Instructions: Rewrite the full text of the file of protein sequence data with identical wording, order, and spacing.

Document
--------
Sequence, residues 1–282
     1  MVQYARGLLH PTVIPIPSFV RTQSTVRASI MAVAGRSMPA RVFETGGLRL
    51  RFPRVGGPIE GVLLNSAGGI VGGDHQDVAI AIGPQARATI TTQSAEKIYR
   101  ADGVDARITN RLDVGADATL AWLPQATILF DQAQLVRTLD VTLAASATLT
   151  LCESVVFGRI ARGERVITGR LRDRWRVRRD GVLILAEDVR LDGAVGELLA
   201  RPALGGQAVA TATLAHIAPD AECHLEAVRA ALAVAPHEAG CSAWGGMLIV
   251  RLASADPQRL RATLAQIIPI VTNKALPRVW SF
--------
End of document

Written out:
Sequence, residues 1–282
     1  MVQYARGLLH PTVIPIPSFV RTQSTVRASI MAVAGRSMPA RVFETGGLRL
    51  RFPRVGGPIE GVLLNSAGGI VGGDHQDVAI AIGPQARATI TTQSAEKIYR
   101  ADGVDARITN RLDVGADATL AWLPQATILF DQAQLVRTLD VTLAASATLT
   151  LCESVVFGRI ARGERVITGR LRDRWRVRRD GVLILAEDVR LDGAVGELLA
   201  RPALGGQAVA TATLAHIAPD AECHLEAVRA ALAVAPHEAG CSAWGGMLIV
   251  RLASADPQRL RATLAQIIPI VTNKALPRVW SF